A coronavirus app being developed by the NHS could be ready in a fortnight, its creators have said.

Matthew Gould, CEO of the NHSX digital arm, said the contact tracing technology would be ready in “two to three weeks”.

The app, backed by Matt Hancock, the health secretary, is a key plank of ministers’ plans to prevent a second peak in coronavirus cases.

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However, it will not be finished before 7 May, when ministers are legally bound to review the lockdown.

Once downloaded, the app will detect when two smartphones are within 2m of each other, and for how long.

Users would receive an amber warning if the corresponding user shows symptoms or a red warning if they test positive.

Other countries such as Singapore and Iceland have already developed similar apps.

Giving evidence to MPs on the Commons Science and Technology Committee, Mr Gould played down the idea that the app would initially be rolled out nationwide.

Instead, it was likely to be tested in a number of “small” geographical areas, he said.

He told MPs: “I would expect it technically to be ready for wider deployment in two to three weeks. Whether it is then deployed depends on the wider strategy.”

That strategy includes other restrictions imposed by the government, he said, including whether or not social distancing measures were still in place.

He also predicted that, in order for the app to gain enough users to be successful, ministers would have to send a tough message to the public.

Experts believe between 60 and 80 per cent of smartphone users would have to download the app to successfully slow the spread of the disease.

Even then, users would have to obey strict rules and self-isolate if they received a message that they had been in contact with someone who was infected.

Mr Gould admitted that it would be “tough” to get 80 per cent of smartphone users to install the contact-tracing app.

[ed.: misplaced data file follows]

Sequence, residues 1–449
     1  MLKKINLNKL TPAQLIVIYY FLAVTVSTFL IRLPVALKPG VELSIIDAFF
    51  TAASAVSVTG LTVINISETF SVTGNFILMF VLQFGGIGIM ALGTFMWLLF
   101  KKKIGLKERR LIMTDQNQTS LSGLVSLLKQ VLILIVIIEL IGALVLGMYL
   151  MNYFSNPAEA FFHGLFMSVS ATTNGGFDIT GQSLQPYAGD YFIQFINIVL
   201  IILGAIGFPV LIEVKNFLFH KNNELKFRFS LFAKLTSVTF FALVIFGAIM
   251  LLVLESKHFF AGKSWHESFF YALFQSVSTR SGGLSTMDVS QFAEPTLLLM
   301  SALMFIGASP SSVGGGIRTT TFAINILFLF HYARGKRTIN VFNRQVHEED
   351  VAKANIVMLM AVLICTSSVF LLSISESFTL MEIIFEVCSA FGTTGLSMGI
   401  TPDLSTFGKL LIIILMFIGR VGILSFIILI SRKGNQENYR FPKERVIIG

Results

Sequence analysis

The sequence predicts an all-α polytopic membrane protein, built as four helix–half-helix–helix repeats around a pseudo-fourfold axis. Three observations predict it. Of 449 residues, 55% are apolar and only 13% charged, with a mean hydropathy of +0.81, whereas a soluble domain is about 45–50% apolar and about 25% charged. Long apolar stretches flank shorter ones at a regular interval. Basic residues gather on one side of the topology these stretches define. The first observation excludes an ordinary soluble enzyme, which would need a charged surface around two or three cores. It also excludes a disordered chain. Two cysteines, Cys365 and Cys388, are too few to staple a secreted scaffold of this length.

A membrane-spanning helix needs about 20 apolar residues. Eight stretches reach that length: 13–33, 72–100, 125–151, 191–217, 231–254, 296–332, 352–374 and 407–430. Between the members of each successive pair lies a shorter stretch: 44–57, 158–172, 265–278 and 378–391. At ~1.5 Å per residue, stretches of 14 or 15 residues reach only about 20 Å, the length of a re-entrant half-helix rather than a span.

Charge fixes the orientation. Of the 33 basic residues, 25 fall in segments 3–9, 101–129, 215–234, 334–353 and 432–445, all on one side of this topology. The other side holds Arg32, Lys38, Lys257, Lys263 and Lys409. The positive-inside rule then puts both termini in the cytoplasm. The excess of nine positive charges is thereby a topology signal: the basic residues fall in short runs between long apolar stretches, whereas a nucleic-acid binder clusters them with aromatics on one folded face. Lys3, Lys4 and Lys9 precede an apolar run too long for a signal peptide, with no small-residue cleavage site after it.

Urging individuals to use the technology had to be part of the government’s “core message” around Covid-19, he said.

He said: “The message needs to be: if you want to keep your family and yourselves safe, if you want to protect the NHS and stop it being overwhelmed and at the same time get the country back and get the economy moving, the app is going to be an essential part of the strategy for doing that.”

The move prompted concerns from senior MPs over privacy and human rights concerns.

Harriet Harman, chair of the joint committee on human rights, wrote to Mr Hancock to call for time limits and transparency on use of people's personal data.

She said MP were supportive of efforts to banish the virus but said it was vital that "such measures only interfere with human rights to the extent necessary".

Earlier, Professor Susan Michie, from University College London, who sits on a subcommittee of the Sage group, which advises the government, dismissed the idea that those who have already had coronavirus would be able to secure an immunity “passport”.

Her criticism was shared by Danny Altmann, professor of immunology at Imperial College London, who warned that scientists won’t know for up to a year how long immunity to Covid-19 lasts.

He told MPs that scientists “haven’t the foggiest notion” of what a positive test for a past case of Covid-19 would mean for future immunity.

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